SPRINGFIELD, MA (WGGB/WSHM) -- Time now for a Western Mass News exclusive, a local woman suffering from lupus says she it's becoming harder and harder to get her medication.
She takes chloroquine, which is one of the drugs currently being touted as a possible treatment for COVID-19.
Gracie Siano was very candid with Western Mass News, saying she understands the fight those with COVID-19 are going through to get better.
She wanted to share her struggle to get chloroquine, as a way to inform others with lupus, that refilling their prescriptions...is going to be a lot more difficult.
"I take the chloroquine...twice a day," Siano said.
Siano told Western Mass News over the phone and said she's been struggling with lupus for four years.
She said taking chloroquine alleviates the debilitating fatigue and pain that comes with the disease.
"Before I took it I couldn’t walk from one room to the next," Siano noted.
Last week, Siano said she went to refill her prescription with a national pharmacy chain but was told chloroquine was indefinitely out of stock.
She said she was given a list of other pharmacies to try.
"On the third one, I found one that had it," Siano said.
Last week, President Trump and the Coronavirus Task Force stated chloroquine has been identified as a possible treatment for COVID-19.
Western Mass News checked in with Springfield pharmacy, which is locally-owned and gets prescription drugs from wholesalers.
Co-owner Tobias Billups said he's struggling to get chloroquine too.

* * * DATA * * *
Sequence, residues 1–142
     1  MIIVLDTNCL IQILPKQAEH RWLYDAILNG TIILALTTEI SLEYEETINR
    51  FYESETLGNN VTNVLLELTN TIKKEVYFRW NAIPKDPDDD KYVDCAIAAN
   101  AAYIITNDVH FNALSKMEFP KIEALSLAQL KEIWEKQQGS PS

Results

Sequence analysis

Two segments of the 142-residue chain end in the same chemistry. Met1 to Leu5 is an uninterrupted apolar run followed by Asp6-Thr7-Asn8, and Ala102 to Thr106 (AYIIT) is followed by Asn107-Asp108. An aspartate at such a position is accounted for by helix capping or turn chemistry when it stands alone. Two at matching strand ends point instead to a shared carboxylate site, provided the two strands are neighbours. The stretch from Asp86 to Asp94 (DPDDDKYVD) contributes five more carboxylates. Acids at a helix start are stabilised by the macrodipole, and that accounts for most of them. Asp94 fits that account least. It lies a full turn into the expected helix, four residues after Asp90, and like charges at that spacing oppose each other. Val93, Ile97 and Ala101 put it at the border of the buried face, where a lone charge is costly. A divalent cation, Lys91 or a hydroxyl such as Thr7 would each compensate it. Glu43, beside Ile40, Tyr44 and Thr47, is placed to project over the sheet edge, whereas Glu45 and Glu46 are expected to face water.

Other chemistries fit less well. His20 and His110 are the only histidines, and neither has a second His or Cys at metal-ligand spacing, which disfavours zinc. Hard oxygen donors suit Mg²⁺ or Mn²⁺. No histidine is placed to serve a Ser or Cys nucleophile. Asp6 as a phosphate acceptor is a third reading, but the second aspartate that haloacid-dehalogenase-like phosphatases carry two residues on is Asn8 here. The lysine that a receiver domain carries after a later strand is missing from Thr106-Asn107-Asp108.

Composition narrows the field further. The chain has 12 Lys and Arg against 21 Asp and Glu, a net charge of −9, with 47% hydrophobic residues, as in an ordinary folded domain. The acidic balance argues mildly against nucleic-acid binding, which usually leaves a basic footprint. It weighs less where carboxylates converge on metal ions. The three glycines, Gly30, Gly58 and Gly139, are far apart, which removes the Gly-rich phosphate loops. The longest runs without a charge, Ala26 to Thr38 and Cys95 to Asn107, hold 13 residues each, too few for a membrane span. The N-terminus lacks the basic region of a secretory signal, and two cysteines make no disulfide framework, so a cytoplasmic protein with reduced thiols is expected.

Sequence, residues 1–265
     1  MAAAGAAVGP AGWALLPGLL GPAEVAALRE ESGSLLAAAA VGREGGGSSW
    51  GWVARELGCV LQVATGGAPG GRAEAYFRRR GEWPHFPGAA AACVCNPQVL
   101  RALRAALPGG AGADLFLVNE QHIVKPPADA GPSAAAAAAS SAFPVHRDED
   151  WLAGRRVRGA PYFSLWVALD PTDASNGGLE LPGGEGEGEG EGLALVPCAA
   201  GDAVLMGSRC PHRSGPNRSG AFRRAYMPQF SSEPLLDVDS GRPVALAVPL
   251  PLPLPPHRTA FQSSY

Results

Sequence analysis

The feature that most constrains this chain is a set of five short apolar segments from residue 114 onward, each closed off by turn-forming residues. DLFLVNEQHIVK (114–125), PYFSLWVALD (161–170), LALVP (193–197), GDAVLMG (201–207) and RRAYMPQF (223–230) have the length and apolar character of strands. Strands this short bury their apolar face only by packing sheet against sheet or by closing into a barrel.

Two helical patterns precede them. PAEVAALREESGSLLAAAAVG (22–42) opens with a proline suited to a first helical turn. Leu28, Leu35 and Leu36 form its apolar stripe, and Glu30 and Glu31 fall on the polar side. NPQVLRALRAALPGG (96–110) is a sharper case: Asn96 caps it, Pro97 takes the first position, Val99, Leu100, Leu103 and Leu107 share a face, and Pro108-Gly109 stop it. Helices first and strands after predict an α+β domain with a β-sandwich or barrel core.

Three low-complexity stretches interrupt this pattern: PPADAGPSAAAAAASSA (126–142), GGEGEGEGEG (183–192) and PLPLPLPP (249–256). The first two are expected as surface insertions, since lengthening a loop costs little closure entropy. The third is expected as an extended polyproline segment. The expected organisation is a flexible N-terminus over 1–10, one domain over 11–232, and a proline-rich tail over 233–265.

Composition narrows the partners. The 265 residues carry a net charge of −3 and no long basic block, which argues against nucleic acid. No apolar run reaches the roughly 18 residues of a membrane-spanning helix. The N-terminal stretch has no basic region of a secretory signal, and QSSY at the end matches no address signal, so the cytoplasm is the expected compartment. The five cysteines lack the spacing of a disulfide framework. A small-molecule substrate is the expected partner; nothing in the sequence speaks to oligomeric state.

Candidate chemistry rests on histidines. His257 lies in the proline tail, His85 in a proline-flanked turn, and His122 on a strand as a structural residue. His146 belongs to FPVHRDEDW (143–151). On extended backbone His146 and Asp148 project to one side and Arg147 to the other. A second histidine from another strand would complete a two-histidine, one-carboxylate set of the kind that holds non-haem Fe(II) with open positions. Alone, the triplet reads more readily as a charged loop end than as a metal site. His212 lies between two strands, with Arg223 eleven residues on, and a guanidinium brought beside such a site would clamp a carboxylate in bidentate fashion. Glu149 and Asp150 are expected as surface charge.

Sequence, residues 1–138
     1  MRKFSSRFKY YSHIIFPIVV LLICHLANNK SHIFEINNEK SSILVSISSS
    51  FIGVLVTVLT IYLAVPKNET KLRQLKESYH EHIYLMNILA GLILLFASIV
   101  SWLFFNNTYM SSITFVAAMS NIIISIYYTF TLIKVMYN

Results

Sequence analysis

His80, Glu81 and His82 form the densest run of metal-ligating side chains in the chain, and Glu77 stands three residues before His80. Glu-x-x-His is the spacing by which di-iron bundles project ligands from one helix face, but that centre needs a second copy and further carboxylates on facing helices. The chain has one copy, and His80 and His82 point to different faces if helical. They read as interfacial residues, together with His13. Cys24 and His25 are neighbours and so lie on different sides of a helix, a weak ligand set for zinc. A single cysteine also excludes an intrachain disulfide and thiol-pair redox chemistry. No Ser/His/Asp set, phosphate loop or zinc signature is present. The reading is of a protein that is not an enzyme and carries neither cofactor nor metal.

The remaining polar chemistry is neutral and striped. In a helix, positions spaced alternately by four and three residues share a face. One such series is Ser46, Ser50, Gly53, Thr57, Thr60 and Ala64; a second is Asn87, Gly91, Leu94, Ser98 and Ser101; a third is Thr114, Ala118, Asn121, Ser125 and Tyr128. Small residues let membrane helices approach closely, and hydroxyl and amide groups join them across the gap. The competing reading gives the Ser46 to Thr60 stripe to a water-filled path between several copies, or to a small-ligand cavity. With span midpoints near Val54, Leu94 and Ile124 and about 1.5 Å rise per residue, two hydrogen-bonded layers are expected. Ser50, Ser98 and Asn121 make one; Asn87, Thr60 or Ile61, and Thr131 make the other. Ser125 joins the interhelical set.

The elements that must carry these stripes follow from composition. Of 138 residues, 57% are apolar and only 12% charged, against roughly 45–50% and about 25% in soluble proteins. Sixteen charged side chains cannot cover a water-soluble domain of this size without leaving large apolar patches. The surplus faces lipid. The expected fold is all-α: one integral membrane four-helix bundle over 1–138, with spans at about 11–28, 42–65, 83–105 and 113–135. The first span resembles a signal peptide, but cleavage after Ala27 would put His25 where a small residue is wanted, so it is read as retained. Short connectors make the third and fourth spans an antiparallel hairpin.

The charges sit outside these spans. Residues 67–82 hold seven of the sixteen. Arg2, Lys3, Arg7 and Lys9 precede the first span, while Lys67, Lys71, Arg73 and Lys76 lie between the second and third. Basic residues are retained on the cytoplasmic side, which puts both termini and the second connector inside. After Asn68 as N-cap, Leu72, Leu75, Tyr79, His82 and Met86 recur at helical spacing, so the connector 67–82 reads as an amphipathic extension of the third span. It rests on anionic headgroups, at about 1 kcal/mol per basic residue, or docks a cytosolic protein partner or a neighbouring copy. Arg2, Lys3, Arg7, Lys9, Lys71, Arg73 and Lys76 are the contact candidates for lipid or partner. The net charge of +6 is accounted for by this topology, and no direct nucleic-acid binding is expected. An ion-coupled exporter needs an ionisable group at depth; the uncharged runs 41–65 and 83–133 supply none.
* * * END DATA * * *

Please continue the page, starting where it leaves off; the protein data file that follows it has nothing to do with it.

"Most wholesalers are either limiting the amount you can order or they just don’t have it in stock. We do have multiple means to get it, but everybody seems to either be allocating it or they’re just not available," Billups said.
Allocating the drug, to an extent Billups said he's never seen before.
"If we have a patient who needs it, it’s tough to tell a patient we can’t get it," Billups explained.
Reports from around the country, indicate some doctors nationwide are hoarding untested coronavirus treatments like chloroquine and hydroxychloroquine.
Western Mass News reached out to the Massachusetts Pharmacists Association for a statement, and they said in the part, quote:
"...we collectively support state and federal requirements that direct a prescription must be written only for a legitimate medical purpose. We also strongly support a pharmacist’s professional responsibility to make reasonable inquiries to a prescriber to resolve any questions about a prescription."
For patients like Siano, the increased demand nationwide for chloroquine has created an unexpected rift in her ability to function day-to-day.
"Everybody needs their medicine for whatever reason and if you stop taking it you’re going to run into trouble," Siano said.
Chloroquine has also been approved as a treatment for malaria.
Right now it is being used on COVID-19 patients in New York City.